Men of All Colors Together-Philadelphia is returning to its roots of social justice to challenge the current political climate threatening LGBTQ equality.
The grassroots organization is reintroducing itself to the community after leaning more toward social events and away from political activity for nearly a decade, said Gary Hines, MACT-Philadelphia’s membership development chair.
“What’s happening around the country under the Trump administration, and even what’s going on in our own backyard in the Gayborhood, reenergized me and our other members to become more politically involved,” Hines said. “We’re refocusing our mission and our vision to become more active within the community again. We’re needed now more than ever.”
MACT-Philadelphia was established in 1981 as one of 10 national chapters of the San Francisco-based National Association of Black and White Men Together, which advocates for diversity, equality and justice in LGBTQ+ communities. NABWMT also developed as a support group for gay men in interracial relationships. Each local chapter of the nonprofit organization educates the community on racism, homophobia and HIV/AIDS through a series of workshops and public forums.
MACT-Philadelphia stood in solidarity with the trans community after the Trump administration’s initial attempt to ban transgender people from serving in the military. Kyle Robin, a MACT-Philadelphia member, said the group will focus on voter registration as a way to reenergize its political involvement.
“Our voices matter. We’re starting in the streets and making sure that folks are registered to vote. If we want to see any real change happen, it starts with the local government. We have the power to put those in office that have our best interests in mind,” Robin said. “The first step is making sure that people are exercising their right to vote.”
The group was called to action in 2016 after ICandy owner Darryl DePiano was entangled in controversy following a video that surfaced of the nightclub owner repeatedly using a racial slur. Hines acted as opening speaker at the city’s townhall hosted by the Philadelphia Commission on Human Relations in response to the incident.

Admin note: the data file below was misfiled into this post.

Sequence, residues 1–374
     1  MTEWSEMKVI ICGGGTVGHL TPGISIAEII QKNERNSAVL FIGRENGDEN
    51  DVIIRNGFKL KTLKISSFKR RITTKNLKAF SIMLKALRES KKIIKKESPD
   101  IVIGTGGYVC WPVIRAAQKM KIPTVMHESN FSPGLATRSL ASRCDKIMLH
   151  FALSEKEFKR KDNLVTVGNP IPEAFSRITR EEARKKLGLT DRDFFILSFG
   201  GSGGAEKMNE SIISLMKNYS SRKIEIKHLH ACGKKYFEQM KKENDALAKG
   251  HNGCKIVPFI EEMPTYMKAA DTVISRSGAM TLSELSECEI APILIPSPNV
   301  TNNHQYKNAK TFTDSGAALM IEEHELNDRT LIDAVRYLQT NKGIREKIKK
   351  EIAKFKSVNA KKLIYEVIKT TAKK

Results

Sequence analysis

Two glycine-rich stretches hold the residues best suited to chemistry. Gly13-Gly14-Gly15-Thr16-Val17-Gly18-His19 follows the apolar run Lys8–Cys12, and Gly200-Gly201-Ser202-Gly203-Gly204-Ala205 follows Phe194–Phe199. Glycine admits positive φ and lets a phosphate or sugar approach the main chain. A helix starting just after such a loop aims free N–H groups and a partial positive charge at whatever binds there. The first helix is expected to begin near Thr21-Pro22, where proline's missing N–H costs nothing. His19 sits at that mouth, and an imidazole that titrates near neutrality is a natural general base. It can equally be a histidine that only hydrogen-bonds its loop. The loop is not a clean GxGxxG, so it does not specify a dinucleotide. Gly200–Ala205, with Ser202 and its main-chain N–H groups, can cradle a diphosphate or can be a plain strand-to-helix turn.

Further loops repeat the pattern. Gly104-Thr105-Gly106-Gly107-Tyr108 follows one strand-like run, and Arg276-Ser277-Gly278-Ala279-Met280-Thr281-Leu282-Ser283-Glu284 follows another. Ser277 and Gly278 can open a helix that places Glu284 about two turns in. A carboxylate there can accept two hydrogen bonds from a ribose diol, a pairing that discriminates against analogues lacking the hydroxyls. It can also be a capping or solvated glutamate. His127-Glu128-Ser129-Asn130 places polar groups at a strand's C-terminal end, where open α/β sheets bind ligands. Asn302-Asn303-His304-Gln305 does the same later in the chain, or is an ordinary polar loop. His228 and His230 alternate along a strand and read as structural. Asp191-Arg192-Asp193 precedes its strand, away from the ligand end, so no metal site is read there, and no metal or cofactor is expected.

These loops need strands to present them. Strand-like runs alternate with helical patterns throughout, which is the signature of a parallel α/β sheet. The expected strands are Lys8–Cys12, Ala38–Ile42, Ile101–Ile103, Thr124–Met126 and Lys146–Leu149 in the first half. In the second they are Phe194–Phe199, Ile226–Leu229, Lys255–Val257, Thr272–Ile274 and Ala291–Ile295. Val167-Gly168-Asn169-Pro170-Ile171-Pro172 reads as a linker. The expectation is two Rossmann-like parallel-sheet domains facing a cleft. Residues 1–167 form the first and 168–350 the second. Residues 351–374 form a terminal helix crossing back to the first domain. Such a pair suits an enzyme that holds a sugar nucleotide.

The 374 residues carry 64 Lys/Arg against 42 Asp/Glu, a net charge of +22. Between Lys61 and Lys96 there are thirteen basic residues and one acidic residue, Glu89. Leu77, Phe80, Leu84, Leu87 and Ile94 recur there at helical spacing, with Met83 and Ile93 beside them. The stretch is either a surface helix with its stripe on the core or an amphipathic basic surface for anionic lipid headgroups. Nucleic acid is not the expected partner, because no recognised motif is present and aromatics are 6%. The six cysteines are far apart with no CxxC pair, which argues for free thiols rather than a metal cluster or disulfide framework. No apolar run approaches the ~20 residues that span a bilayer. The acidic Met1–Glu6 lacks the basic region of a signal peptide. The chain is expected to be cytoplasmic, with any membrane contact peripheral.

“When I joined MACT in the early 2000s, it troubled me to see how racially divided the community was. Things haven’t changed much since I’ve moved back into the area two years ago,” Robin said. “One of our goals right now is to express the importance of teaching each other about our own individual experiences and seeing the world through each other’s experiences.”
MACT-Philadelphia currently has close to 30 active members from New Jersey, Maryland and other areas outside the city. The group is looking to expand its reach to include younger gay men, trans men, nonbinary-identified people and women, Hines added.
“We’re broadening the spectrum of our membership to include all members of the community. Most of our members have been around since the organization’s inception. With an aging membership, a lot of our members aren’t able to be as active as they would like to be. Our first goal is getting more millennials interested in being involved,” Hines said.
Would the group change its name to be more inclusive? It’s a possibility, Hines said. In 1992, Black and White Men Together Philadelphia underwent a name change to Men of All Colors Together. Hines attributed the change to the growing diversity within the group. Similarly, the NABWMT chapter in Cleveland changed its name to People of All Colors Together.
MACT-Philadelphia will host a fall membership drive Sept. 21 at William Way LGBT Community Center. Amber Hikes, executive director of the Mayor’s Office of LGBT Affairs, will be the guest speaker.